Unless you own a car, Red Hook is not the easiest New York City neighborhood to find. There is no subway line to the southeastern Brooklyn hook of land that juts into New York Harbor.
But that isolation only adds to the neighborhood’s mystique.
As you arrive at the Red Hook waterfront, whether by boat, bus or bike, the salty New York Harbor breeze bristles lightly against your skin, welcoming you to a different world. Far from the whir of Manhattan, but with striking views of the city skyline, Red Hook is a place locals now consider a small town of its own.
“We’ve all known each other a long time, and there’s a huge cooperative theme between all of us here,” said Sam Berliner, manager at The Good Fork restaurant on Van Brunt Street. “Red Hook is this tiny little place everyone comes down to and the businesses down here all know each other, so it has a communal vibe.”
This evolving neighborhood is quickly becoming a haven for day-trippers and night-crawlers seeking a relaxing reprieve within the five boroughs.
It’s the type of spot where you can still sneak a smoke inside a bar bathroom (we won’t say where) in between noshing on the best lobster roll in the city at Red Hook Lobster Pound.
And you can’t miss Brooklyn Crab, a new, elevated crab shack and beer garden that just opened in June. Crack blue shells by the water with views of the Statue of Liberty. There’s also mini golf there, too.
“Red Hook is an old shipping area. Everything’s on the waterfront, and it’s all old industrial buildings by the docks,” James Ferrarone, general manager of Brooklyn Crab, explained on a sunny Sunday afternoon. “There’s a ton of new places opening. It’s a beautiful area and a really cool spot.”
Love from a local
Susan Lippman, who said she takes a daily walk along the waterside Erie Basin Park with her dog Sadie, told Metro she moved to the outskirts of Red Hook about two years ago because she wanted to get away from the frenetic Manhattan life but still live somewhere that offered nightlife and culture.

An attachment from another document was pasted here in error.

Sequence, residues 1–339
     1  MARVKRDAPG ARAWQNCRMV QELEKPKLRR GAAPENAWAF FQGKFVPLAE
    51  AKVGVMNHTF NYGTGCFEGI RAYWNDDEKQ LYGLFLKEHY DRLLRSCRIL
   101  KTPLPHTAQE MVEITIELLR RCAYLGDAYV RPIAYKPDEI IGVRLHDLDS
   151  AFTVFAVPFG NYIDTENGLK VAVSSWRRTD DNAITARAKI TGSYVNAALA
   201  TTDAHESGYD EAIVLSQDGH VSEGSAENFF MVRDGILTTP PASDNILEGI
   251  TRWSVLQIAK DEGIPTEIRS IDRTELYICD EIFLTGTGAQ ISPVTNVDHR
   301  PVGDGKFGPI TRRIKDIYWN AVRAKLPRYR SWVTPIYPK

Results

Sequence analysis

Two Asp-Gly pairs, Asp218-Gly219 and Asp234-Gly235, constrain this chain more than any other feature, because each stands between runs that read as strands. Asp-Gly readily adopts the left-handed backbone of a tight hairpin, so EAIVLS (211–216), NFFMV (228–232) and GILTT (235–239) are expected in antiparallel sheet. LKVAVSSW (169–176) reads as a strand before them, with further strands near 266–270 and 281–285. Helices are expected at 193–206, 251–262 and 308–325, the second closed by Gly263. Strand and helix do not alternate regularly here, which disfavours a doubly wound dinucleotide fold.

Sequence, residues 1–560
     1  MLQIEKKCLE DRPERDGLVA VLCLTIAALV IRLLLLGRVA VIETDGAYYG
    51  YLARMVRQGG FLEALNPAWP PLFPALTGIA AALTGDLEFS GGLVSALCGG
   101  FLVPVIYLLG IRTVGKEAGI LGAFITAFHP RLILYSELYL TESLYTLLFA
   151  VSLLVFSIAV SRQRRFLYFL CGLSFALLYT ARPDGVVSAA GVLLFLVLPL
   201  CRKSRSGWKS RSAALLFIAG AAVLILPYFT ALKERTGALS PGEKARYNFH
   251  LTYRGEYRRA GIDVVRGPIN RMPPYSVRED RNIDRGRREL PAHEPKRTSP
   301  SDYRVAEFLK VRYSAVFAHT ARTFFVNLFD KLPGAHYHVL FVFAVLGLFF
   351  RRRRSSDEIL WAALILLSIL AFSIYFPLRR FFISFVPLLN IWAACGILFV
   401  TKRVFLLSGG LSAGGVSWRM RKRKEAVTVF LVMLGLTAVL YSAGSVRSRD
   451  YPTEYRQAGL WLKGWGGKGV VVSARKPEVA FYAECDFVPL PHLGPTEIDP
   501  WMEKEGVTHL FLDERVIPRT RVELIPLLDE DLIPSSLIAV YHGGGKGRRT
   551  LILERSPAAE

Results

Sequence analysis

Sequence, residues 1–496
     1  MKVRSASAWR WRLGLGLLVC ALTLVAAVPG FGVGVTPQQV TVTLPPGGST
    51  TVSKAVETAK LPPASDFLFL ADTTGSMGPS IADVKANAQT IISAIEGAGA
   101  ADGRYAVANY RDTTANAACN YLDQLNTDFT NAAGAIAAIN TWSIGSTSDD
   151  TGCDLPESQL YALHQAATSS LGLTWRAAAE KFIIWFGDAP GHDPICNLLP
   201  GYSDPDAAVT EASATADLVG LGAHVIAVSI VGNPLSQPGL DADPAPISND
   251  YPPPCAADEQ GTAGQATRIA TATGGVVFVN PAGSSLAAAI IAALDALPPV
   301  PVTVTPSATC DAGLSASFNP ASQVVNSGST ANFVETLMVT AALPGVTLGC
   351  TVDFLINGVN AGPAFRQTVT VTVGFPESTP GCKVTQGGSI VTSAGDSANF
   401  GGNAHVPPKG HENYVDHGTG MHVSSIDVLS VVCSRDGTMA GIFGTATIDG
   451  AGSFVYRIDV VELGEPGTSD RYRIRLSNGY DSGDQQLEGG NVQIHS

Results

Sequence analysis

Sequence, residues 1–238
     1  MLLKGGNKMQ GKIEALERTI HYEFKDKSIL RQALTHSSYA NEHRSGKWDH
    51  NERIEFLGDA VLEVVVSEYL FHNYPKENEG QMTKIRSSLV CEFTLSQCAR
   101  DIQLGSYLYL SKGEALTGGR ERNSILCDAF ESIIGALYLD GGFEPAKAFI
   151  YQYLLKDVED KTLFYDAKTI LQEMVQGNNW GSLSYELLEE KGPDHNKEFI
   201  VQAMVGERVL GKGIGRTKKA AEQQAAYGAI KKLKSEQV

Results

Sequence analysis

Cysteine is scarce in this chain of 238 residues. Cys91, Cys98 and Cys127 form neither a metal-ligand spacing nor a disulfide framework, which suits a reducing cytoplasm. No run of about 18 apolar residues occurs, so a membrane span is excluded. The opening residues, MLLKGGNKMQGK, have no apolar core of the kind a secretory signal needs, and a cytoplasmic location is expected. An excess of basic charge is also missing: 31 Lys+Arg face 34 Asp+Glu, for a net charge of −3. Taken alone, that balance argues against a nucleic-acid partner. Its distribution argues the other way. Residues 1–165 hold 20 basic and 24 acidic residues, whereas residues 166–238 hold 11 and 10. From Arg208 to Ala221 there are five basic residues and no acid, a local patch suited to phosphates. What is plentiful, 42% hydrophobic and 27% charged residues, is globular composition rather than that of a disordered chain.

“It’s like this little community where you can get the park all to yourself but still be at work in the city in 30 minutes,” she said. “And it’s a lot of fun, too — great restaurants, bars, art. I love it.”
There are two ways to get to Red Hook via public transit:
Catch the IKEA water taxi at Pier 11 in Lower Manhattan between noon and 9:20 p.m. daily for a 20-minute ride to the Brooklyn IKEA, just a half-mile walk from downtown Red Hook. The water taxi is free on weekends.
If you prefer the bus, take the B61 from Park Slope or Downtown Brooklyn to Van Brunt Street, Red Hook’s main drag.
Enjoy a lazy Sunday in Red Hook
Homemade Oreo and iced coffee at Baked, 359 Van Brunt St., bakednyc.com
Get lost inside IKEA for a few hours, fantasizing about all the Nordic furniture you could own
Brunch at The Good Fork, 391 Van Brunt, goodfork.com
If you want to add a little urban culture to your tour, check out the birthplace of Busta Rhymes and Knicks star Carmelo Anthony, both of whom grew up in the infamous Red Hook Houses
$2 PBR in the garden at Brooklyn Ice House, 318 Van Brunt
Blue crabs, mojitos and, yes, mini golf, at Brooklyn Crab, 24 Reed St., brooklyncrab.com
Watch the sun set over the Statue of Liberty and Lower Manhattan at Louis Valentino, Jr. Park, Coffey and Ferris streets